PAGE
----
Green stars

Astronomy books say stars come in different colors depending on their size/age/temperature. They can be red, orange, yellow, white, or blue. I’ve always been curious- any green or purple stars out there?

I suppose Dennis Rodman and The Asshole Formerly Known as Prince don’t count…

The Dave-Guy
“since my daughter’s only half-Jewish, can she go in up to her knees?” J.H. Marx

Nope. The horseshoes are purple, and the clovers are green.

Member posted 03-20-99 03:37 PM

Plenty of green stars on the lapel of Esperantists.


The color of a star is determined by the temperature of it’s surface (photosphere), JK. The hot ones are blue-white, the “cool” ones are red.
There are quite a few, including Vega, that put out quite a bit of their energy in the green part of the visible spectrum. The problem is, we can’t see it due to the makeup of our eyes.
This gets a little complicated here, so I’m going to try to send a link. Dr. Odenwald can explain it much better than I.
Gosh, I hope this link works.

“My first link! Hope it isn’t ‘missing’.”

I beg your pardon. I never wear eye makeup. You obviously don’t know what you’re talking about, and decided to jump into this thread with fabricated information that you –
Oh. Wait a minute. I get it.

The Dave-Guy
“since my daughter’s only half-Jewish, can she go in up to her knees?” J.H. Marx

“I do not like <FONT COLOR=“GREEN”>Green Stars</FONT> and Spam!”

"And that was the last* time I bought the food for our camping trips"[/i}

You see a “green” star every day, believe it or not. Our very own sun puts out most of its light in the green section of the visible light spectrum. Why we don’t SEE the green has to do with how intense the light given off by the sun is (billions of photons per second) and the Earth’s blue sky. <S>

– Sylence

“A friend of mine once sent me a post card with a picture of the entire planet Earth taken from space. On the back it said, ‘Wish you were here’.” - Steven Wright

Longe vivu la verda stelo! :slight_smile:

There are no green stars. Go to dejanews and do a search in sci.astro.

Stars that put out a lot of green light put out even more light of another color.


“Oh we were brought up on the Space-Race, now they expect us to clean toilets. When you have seen how big the world is how can you make do with this?”
Pulp, “Glory Days”

The short answer is that a star cannot emit green light without also emitting a lot of blue and red light, making it look white.

To be more exact, light radiated by a hot object is called a “blackbody radiation.” Its spectrum is determined only by its temperature. For everyday objects, like human bodies, the peak is in a very long wavelength, i.e. infrared. That’s why infrared cameras can detect body heat. A burning charcoal has a higher temperature and the peak is somewere in the infrared or long-wavelength visible light (i.e. red light). Incandescent light bulbs and cool stars are around 3000 degrees and emit reddish light. A 6000-degree star like our sun has its peak in the green light, but green light is between red and blue, and the blackbody radiation has a wide enough wavelength range that our eyes see a lot of blue and red light as well. A star even hotter than the sun has its peak in the blue band, and doesn’t emit much red light, making them look bluish.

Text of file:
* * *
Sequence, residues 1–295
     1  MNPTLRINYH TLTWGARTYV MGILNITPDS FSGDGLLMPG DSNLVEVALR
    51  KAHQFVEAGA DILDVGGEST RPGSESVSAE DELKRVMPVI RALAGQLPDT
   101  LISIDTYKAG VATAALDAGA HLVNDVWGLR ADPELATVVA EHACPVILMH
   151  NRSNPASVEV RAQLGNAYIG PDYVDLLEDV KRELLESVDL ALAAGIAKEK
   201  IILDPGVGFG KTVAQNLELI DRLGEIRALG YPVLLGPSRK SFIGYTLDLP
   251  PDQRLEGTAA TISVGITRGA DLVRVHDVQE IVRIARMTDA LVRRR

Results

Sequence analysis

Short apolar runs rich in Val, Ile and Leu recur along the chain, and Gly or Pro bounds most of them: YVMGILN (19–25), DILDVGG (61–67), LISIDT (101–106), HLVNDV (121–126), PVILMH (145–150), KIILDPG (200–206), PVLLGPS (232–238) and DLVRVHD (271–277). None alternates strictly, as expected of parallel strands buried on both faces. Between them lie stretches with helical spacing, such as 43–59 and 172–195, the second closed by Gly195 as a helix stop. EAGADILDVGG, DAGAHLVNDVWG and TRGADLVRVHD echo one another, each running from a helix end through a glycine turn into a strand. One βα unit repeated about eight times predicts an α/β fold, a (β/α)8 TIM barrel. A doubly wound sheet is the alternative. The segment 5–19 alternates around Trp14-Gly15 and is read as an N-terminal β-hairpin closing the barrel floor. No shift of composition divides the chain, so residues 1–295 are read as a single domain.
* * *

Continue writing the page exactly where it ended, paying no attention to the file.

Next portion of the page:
So it is impossible to get green light by just heating up something. You have to either use molecules that selectively absorb red and blue light (green paint, green filter), or use some other mechanism to generate light, i.e. laser or LED.

Another way to look at it is that the Sun is what our brain/eyes use as a definition of white. A star hotter than the sun emits more blue light and less red light than the sun, so it looks blue. A star cooler than the sun emits more red light and less blue light, making them red. And there’s no other parameter you can change on a star.


You state, “So it is impossible to get green light by just heating up something.”

Maybe I misunderstand you, but i recall a little experiment from 7th grade physical science class. We dipped a wire loop into various chemicals and observed the color change when we heated them in an alcohol flame.

I remember distinctly that cobalt chloride produced blue light, strontium nitrate produced red and copper sulfate, green.

Or did I miss something in the context of your reply?

Sorry, I guess I wasn’t very clear on that.
What I meant that a “thermal radiation” or
“blackbody radiation” cannot be green. However, “non-thermal” radiation often radiate in only one frequency and have very pure colors. They are produced by a specific ion under special circumstances (i.e. the right temperature and density for the ion to exist), like the experiment you cited. Neon signs and fluorescent lights are also examples of non-thermal radiation.

Actually the sun and other stars do produce many emission lines and absorption lines as well, since there are ions and plasmas of all kinds on the stars. But none of them are strong enough to contribute much to the overall color, at least in the visible wavelengths.

Dobule Oh: the green star is the symbol of the international Esperanto movement.

There ought to be a law against wasting alcohol like that.

This space for rent.

I think the OP is basically answered at this point, so I’ll pick up on that little tangent:

OK, so why is it such?

Ray (I thought Esperanto was originally intended to cover the whole spectrum. :wink: )

Longe vivu la Movado!

“Kiu frenezas? Cxu la mondo aux mi?” -Persone